Like most trace minerals, copper acts as an enzyme cofactor in several key metabolic processes in the body. Among its many functions, copper aids in the formation of bone, hemoglobin and red blood cells, therefore enabling the efficient transport of oxygen throughout the body. In addition, copper works in balance with vitamin C and zinc to manufacture elastin (skin protein) as well as collagen and other structural proteins in cartilage and tendons. It is also involved in the healing process, energy production, hair and skin coloring (production of melanin) and taste sensitivity. Copper also aids in the metabolism of several fatty acids (like oleic acid- see above) and helps prevent oxidative damage. Deficiency Symptoms: Due to copper’s role in the formation of collagen, copper deficiency can manifest as osteoporosis.
Copper & Inflammation:
Deficiency in copper lowers enzyme activity that fights inflammation. Lowers damaging by-products of inflammation as well.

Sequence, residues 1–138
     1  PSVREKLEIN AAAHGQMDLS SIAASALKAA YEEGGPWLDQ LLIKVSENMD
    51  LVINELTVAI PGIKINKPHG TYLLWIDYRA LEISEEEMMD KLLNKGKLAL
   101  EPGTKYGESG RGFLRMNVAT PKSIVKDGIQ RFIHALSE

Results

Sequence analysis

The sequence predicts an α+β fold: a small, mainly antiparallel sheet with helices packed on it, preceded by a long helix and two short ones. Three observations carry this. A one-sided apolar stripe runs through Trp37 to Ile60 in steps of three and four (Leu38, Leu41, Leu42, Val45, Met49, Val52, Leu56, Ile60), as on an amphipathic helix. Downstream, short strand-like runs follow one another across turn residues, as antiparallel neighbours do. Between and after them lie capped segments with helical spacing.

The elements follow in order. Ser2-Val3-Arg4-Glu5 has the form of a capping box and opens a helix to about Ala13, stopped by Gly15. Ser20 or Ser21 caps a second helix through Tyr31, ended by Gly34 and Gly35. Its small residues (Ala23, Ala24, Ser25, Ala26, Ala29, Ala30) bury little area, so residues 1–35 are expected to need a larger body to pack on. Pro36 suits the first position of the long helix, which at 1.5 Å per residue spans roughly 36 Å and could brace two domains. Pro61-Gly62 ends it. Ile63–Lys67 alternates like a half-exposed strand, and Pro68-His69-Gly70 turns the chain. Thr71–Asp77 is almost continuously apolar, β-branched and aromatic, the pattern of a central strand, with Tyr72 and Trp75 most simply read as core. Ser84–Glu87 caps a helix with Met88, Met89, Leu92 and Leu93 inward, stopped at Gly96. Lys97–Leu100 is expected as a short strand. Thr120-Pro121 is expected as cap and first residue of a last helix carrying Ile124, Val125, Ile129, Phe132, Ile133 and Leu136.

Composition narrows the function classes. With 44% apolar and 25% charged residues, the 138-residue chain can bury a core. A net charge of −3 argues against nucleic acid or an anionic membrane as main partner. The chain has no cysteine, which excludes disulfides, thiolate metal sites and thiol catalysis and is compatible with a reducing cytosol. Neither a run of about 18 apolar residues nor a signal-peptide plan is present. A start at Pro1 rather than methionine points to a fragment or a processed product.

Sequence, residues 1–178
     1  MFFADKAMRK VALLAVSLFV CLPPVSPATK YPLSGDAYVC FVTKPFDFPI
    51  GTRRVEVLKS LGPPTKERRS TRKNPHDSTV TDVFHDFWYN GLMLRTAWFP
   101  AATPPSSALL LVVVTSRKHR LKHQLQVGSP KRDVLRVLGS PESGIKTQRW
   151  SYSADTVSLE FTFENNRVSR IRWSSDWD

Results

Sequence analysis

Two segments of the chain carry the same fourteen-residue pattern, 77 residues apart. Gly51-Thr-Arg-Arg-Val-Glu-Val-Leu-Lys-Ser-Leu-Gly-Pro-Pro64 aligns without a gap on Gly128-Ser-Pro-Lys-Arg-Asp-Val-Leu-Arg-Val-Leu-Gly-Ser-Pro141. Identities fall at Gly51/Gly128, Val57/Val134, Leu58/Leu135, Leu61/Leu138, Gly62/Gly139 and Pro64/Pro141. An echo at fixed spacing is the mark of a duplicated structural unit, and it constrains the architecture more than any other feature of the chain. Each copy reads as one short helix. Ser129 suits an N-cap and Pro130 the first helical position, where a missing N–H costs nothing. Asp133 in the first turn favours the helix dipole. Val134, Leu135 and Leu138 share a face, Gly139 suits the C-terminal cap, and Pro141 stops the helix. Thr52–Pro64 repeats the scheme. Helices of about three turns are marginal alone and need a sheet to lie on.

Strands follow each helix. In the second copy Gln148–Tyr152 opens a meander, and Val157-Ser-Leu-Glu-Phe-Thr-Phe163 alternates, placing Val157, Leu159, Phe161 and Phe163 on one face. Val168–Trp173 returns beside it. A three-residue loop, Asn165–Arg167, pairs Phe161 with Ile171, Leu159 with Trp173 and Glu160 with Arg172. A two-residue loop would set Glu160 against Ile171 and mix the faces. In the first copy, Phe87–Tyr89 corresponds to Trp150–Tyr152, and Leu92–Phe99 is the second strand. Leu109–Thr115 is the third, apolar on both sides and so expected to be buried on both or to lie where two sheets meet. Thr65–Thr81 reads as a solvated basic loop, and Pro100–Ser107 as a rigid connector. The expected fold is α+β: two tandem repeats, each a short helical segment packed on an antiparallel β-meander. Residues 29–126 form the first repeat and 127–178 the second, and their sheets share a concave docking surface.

Copper is an integral part of certain chemicals in the brain (such as endorphins) that calm anxious feelings; Anxiety-like behavior may be exacerbated with copper deficiency.
Copper deficiency increases the formation of amyloid deposits in the brain. Specifically, copper accumulates in amyloid plaques while remaining deficient in neighboring brain cells indicating that copper deficiency is a plausible cause of Alzheimer’s.
Signs of Deficiency:
- Anemia (due to its role in hemoglobin formation)
- General weakness
- Impaired respiratory function
- Decreased skin pigment
- Reduced resistance to infection and increased triglyceride levels
- Evidence also links copper deficiency with increased oxidative damage to cell membranes